Thoughts for Lent, The Fourth Sunday in Lent


Ralph waldo Emerson, one of the chief spokesmen for naturalism, says: "Every landscape I behold, every friend I meet, every act I perform, every pain I suffer, leaves me a different man than they found me." We Christians go infinitely beyond such philosophers as Emerson. We say, not only that all these experiences leave us different than they found us, but that they have eternal consequences. All that we do or think or suffer in life not only makes or unmakes our character, but determines our destiny. Every prayer we say, or refuse to say, every good inspiration we accept or reject, every temptation we endure, all our successes and failures, our victories and defeats, are written with a "pen of iron and the point of a diamond" in the fiber of our souls, and on this written record we shall be judged.

On the day of judgment God will not ask, "What have you done?" but "What are you?" If we know what a man is, we know something infinitely more important. To do something is good advice. To be something is better. We shall be saved or lost not by accident, not by magic, not by force of circumstances, but by what, with God's grace, we have made of ourselves.

- Father James M Gillis

O dear brethren, anticipate the day of Judgment. Be beforehand with it. That day is coming as the rising of tomorrow's sun. The day is not far off when the Great White Throne will be set up, and we shall stand before Him; and the eyes that are as a flame of fire, will search us through and through; and not His eyes alone, but the eyes of all men will be upon us! and the ears of men will hear that which the accuser will say against us in that day. There will be no secrecy there; no hiding of our sins, nothing concealed from God, or from that multitude which is around the Great White Throne. What does He require of you now? The Great White Throne is veiled in His mercy. In the holy Sacrament of Penance He sits as the Judge, not arrayed in the splendors which will dazzle and blind us at the Last Day, but as the Good Shepherd, and as the Good Physician, the Friend of Sinners, who is come not to call the just, but sinners, to repentance. There He sits in His mercy. Come to Him then, one by one. Be beforehand with the Diay of Judgment. That which you confess now will be blotted out and forgiven in that day. That which you hide now will be in the book of God's remembrance, laid up for a record in the day of the great assize. It is not much that He requires of us - to come and tell it in the ear of one man in His stead- If it be painful to you, if shame cover your face, offer up the pain and the shame as a part of the penance, as Mary Magdalene in the midst of that great banquet. It is precisely for this purpose that the salutary pain may be the medicine of our pride. Dear brethren, then, be beforehand with the Day of Judgment, while the day of grace lasts; and come to Him as you are.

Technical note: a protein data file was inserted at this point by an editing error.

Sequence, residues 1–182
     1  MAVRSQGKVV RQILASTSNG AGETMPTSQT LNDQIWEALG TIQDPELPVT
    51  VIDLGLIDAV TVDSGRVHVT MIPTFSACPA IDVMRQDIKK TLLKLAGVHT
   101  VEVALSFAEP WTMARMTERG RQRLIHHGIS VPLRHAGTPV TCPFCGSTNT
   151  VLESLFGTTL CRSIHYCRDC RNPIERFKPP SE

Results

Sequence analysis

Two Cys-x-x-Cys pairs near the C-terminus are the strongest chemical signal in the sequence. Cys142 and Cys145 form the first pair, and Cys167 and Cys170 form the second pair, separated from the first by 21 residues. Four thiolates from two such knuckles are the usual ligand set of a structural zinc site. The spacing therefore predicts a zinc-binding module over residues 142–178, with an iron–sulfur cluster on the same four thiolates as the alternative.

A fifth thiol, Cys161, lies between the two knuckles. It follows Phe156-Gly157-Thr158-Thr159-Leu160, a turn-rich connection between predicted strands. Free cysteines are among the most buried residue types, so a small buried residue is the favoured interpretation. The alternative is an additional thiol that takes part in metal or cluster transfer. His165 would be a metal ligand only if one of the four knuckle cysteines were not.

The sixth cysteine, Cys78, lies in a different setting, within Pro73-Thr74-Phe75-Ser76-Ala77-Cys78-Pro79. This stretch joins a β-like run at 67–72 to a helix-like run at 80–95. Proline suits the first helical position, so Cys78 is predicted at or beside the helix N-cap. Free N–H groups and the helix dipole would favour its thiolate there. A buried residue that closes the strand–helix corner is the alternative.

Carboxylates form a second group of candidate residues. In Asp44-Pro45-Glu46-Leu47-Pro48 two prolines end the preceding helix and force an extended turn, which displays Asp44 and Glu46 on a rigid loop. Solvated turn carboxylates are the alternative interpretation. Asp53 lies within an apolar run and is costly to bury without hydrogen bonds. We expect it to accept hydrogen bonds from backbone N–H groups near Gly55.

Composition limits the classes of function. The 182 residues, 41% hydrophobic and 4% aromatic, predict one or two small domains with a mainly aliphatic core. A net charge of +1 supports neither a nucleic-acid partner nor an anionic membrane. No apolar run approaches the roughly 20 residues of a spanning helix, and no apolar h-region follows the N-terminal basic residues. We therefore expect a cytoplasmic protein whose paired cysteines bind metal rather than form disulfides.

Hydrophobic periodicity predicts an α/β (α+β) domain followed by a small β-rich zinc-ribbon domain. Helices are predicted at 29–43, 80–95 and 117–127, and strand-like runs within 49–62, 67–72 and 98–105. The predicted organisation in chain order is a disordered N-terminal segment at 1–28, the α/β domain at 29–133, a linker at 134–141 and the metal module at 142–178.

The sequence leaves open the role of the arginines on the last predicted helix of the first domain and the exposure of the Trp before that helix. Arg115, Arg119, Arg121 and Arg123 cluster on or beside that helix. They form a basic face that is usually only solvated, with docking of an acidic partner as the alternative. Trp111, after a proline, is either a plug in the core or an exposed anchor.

- Cardinal Henry Edward Manning

I rejoiced at the things that were said to me; we shall go to the house of the Lord, - Introit

O my beloved Saint Joseph! adopt me as thy child; take charge of my salvation; watch over me day and night; preserve me from occasions of sin; obtain for me purity of body and soul, and the spirit of prayer, through your intercession with Jesus. Grant me a spirit of sacrifice, of humility, and self-denial; obtain for me a burning love for Jesus in the Blessed Sacrament, and a sweet tender love for Mary, my Mother.

Saint Joseph, be with me in life, be with me in death, and obtain for me a favorable judgment from Jesus my merciful Saviour. Amen.

Keep smiling; its the very best remedy for gloom. The devil loves nothing better than a gloomy soul; it is his plaything. - Father Doyle, S.J.

- the texts are taken from -